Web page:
Survival, the most recent by Ben Bova, continues his Star Quest series. It’s a contemporary take on a familiar kind of SF, with some grounding in credible science.

Title: Survival
Author: Ben Bova
First published December 2017

ISBN-10: 0765379554
ISBN-13: 978-0765379559

Available from Amazon.uk, Amazon.com, Amazon.ca, and as a kindle.

Premise:

Human explorers encounter an advanced machine intelligence whose planet lies in the path of a destructive wave. Our relationship with these ancient aliens takes a rather dismal turn.

High Point:

Bova has always distinguished himself with plausible SF ideas, and grounded science. His crew may be boldly going, but space-handwavium is in short supply.

Low Point:

Gita distinguishes herself among some problematic characterization. She’s a “delicate-looking oriental” (103) biologist whose laugh sounds like “the tinkling of temple bells” (165) who falls in love with the older male hero. Despite being compared regularly to a child and a sylph, Gita has resources we might not initially expect. Overall, however, her depiction in this novel induces cringing.

The Scores:

Originality: 2/6 If you read a lot of older-school SF—certainly, if you’ve read Bova—you won’t be surprised by anything in this novel. With some changes and simplifications, the basic plot would have served as an episode of Star Trek.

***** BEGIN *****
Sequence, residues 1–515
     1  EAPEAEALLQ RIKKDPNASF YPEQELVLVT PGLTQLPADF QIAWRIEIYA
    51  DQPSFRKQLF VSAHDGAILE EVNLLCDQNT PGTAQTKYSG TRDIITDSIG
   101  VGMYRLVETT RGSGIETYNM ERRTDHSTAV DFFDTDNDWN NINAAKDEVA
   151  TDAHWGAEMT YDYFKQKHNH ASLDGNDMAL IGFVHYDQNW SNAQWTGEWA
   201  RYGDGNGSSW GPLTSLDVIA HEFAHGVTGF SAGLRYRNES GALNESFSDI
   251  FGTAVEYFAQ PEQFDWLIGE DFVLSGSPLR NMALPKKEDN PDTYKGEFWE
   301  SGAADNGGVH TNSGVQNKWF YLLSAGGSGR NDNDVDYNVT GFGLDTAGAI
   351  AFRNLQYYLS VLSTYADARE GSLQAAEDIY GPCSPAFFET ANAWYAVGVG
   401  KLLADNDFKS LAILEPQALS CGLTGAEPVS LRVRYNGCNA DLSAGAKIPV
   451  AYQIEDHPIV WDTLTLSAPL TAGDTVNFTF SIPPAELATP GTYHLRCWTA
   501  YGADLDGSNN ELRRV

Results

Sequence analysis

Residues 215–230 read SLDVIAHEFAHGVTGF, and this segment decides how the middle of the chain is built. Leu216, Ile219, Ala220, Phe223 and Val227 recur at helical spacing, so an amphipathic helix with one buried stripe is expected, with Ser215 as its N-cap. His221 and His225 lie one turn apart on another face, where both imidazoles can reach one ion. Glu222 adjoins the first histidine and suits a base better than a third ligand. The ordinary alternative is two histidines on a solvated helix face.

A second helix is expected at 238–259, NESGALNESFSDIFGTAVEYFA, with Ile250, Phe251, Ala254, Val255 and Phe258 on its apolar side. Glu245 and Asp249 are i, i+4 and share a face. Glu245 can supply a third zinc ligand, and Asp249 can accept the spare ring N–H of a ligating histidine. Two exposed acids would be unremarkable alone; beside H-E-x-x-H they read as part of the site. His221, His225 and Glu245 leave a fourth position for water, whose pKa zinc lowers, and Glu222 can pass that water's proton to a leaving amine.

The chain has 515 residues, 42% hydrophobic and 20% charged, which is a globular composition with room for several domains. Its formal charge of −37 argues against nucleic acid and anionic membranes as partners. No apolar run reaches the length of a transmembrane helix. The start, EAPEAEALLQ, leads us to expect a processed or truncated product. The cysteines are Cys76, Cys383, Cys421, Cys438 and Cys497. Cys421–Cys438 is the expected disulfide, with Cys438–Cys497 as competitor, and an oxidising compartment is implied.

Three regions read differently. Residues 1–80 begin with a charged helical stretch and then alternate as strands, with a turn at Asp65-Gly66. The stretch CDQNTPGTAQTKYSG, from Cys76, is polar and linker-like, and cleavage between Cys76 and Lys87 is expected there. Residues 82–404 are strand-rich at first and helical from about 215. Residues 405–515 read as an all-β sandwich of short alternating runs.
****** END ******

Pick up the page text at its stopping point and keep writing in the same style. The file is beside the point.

Imagery: 4/6 For all of Bova’s descriptive power and focus on detail, this novel suffers from a curious lack of strong, memorable imagery.

Story: 5/6: The story takes a long time to get going, but the plot works. Should we ever encounter alien intelligences, we would be wise not to assess and predict their decisions by our own standards.

Characterization: 4/6 Bova remains a strong writer of ideas, but he’s been criticized before for shallow characterization and pedestrian dialogue. You will find little in Survival to contradict those criticisms. Indeed, he’s done better in other novels.

Emotional Response: 4/6 This is the third book of a “trilogy,” but I suspect we may see more. Survival leaves us with implications that have not been fully explored.

Editing: 5/6 Bova remains readable.

Overall score: 4/6 Bova ranks among the most prolific and influential SF writers alive today. This just isn’t one of his best books. If you’re a fan of old school SF, you might like Survival. If you’re into less conventional SF, try another book.

If you’ve never read Bova, don’t start with this one.

In total, Survival receives 28/42